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New signed contracts for Manhattan and Brooklyn continue to top 2019 levels

By Jennifer White Karp | September 2, 2021 - 9:30AM 

The latest Elliman Report finds that new signed contract volume for Manhattan condos, co-ops, and one-three family townhouses combined is above the same period two years ago.

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When looking at the New York City real estate market, making the usual year-over-year comparison won’t tell you much these days. That’s because comparing market activity now to a year ago, when NYC had recently emerged from the shutdown, is not helpful.

For a better contrast, you need to reach back to 2019, prior to the pandemic, to see how NYC real estate is doing. That’s what the Elliman Report has been doing this summer with its new signed contracts report, which covers Manhattan, Brooklyn, Long Island, Hamptons, North Fork, Westchester County, Fairfield County, and Greenwich, CT.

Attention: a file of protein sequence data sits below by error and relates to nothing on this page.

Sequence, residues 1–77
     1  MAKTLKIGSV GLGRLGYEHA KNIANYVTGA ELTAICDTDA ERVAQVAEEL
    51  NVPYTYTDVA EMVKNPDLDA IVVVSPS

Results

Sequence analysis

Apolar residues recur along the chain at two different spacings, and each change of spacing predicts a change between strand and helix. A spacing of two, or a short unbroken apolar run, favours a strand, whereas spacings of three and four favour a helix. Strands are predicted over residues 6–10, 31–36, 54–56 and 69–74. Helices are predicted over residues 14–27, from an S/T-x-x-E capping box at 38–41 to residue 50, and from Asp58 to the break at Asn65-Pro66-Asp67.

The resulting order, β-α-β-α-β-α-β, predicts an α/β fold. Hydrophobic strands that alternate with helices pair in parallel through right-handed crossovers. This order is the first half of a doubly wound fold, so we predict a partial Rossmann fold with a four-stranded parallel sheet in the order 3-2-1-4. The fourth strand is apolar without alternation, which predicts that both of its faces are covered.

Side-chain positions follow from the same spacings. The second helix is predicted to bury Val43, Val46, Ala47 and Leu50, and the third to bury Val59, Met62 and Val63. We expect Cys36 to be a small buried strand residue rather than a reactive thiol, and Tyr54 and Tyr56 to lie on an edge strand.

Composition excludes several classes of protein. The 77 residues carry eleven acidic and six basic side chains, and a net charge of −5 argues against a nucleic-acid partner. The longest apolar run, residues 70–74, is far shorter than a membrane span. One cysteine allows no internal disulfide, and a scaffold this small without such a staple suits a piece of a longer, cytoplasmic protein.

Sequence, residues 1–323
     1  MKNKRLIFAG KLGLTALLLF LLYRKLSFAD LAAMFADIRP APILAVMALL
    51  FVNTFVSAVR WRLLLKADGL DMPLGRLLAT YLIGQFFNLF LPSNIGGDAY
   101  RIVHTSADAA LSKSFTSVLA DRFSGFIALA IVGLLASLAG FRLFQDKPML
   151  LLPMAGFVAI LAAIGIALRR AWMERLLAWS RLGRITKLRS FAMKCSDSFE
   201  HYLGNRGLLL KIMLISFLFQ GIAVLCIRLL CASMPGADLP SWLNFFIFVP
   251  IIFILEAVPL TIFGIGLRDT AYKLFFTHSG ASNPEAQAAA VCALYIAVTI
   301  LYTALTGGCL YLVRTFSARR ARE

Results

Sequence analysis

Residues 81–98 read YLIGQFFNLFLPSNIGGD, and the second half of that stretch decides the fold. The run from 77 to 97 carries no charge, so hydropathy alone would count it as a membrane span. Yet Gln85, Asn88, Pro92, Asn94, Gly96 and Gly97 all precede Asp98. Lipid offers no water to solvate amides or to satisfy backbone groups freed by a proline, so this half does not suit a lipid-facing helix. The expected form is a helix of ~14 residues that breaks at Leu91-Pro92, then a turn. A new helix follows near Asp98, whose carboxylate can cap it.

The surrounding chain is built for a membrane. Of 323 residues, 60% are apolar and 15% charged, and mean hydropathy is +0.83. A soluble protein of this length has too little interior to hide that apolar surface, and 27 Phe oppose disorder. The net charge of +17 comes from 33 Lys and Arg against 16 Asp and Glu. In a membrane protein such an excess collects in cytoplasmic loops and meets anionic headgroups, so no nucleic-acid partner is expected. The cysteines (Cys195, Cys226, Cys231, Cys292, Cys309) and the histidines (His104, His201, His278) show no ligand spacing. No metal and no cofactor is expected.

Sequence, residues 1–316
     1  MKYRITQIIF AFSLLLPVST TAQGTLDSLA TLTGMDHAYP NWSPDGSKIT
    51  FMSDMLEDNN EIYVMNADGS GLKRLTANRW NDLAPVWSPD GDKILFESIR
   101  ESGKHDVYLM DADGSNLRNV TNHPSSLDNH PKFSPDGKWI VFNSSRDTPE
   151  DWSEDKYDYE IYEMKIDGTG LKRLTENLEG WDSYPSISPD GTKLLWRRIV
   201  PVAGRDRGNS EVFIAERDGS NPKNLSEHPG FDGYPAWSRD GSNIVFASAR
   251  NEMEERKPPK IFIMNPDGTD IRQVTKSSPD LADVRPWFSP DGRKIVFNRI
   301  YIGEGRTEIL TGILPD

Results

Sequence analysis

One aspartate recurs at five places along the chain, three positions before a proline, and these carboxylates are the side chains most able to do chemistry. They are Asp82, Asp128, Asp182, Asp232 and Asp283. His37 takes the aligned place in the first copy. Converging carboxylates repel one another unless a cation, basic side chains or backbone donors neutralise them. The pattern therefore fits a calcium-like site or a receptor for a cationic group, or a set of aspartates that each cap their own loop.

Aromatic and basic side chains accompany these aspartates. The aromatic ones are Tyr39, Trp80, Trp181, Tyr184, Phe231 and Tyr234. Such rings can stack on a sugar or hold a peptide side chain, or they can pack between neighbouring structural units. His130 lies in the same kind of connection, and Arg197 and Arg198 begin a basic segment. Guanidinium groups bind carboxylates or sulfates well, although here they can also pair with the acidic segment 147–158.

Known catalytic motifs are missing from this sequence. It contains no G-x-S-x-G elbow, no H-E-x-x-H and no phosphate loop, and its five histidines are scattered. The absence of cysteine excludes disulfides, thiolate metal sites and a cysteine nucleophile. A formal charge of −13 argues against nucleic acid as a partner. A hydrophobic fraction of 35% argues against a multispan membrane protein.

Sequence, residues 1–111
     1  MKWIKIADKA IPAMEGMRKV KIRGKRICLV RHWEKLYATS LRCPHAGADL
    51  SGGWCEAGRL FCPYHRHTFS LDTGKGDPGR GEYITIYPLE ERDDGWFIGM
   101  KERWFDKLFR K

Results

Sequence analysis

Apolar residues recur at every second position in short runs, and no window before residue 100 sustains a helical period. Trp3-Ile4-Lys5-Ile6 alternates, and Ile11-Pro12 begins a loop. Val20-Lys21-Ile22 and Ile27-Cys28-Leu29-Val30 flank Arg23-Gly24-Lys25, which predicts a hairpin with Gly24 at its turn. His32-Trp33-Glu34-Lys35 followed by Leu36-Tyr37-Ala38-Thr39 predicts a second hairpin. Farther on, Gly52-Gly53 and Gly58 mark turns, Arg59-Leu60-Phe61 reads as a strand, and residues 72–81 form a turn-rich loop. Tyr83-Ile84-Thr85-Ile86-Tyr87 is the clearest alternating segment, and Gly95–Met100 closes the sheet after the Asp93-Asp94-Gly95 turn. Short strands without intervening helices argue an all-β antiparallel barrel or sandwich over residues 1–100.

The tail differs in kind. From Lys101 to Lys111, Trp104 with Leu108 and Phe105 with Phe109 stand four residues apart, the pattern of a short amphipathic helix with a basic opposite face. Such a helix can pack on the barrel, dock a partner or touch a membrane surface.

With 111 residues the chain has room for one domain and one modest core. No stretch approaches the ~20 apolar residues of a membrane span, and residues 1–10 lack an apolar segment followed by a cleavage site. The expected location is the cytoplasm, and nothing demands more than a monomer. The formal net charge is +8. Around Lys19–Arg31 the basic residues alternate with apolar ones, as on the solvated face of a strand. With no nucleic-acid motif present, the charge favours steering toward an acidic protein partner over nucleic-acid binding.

The August report finds that new signed contract volume for Manhattan condos, co-ops, and one-three family townhouses combined (1,003) is above the same period two years ago. If you look at each type of Manhattan housing separately, new signed contracts are also above August 2019 levels, with new signed contract volume for one-three family houses recording nearly double the activity seen in August 2019.

It's a pattern that started in June and has held steady since, and each month compared to the same period two years ago has shown higher new signed contract levels in Manhattan, Brooklyn, and increasingly, in the suburban areas around the city.

For luxury Manhattan properties above the $4 million threshold, there were even greater gains in new contract volume in August: It doubled for condos and more than tripled for one-three families from the same period two years ago.

It was a similar picture for Brooklyn in August, according to the report. New signed contracts for all three kinds of housing combined rose by more than triple (762) compared to the same period two years ago.

On the East End of Long Island and in several of the suburbs ringing New York City, new signed contracts are below the level seen two years ago, a result of a lack of listings, which is constraining sales. Fairfield County is the exception, here new signed contract volume was up sharply from the same period two years ago.

 

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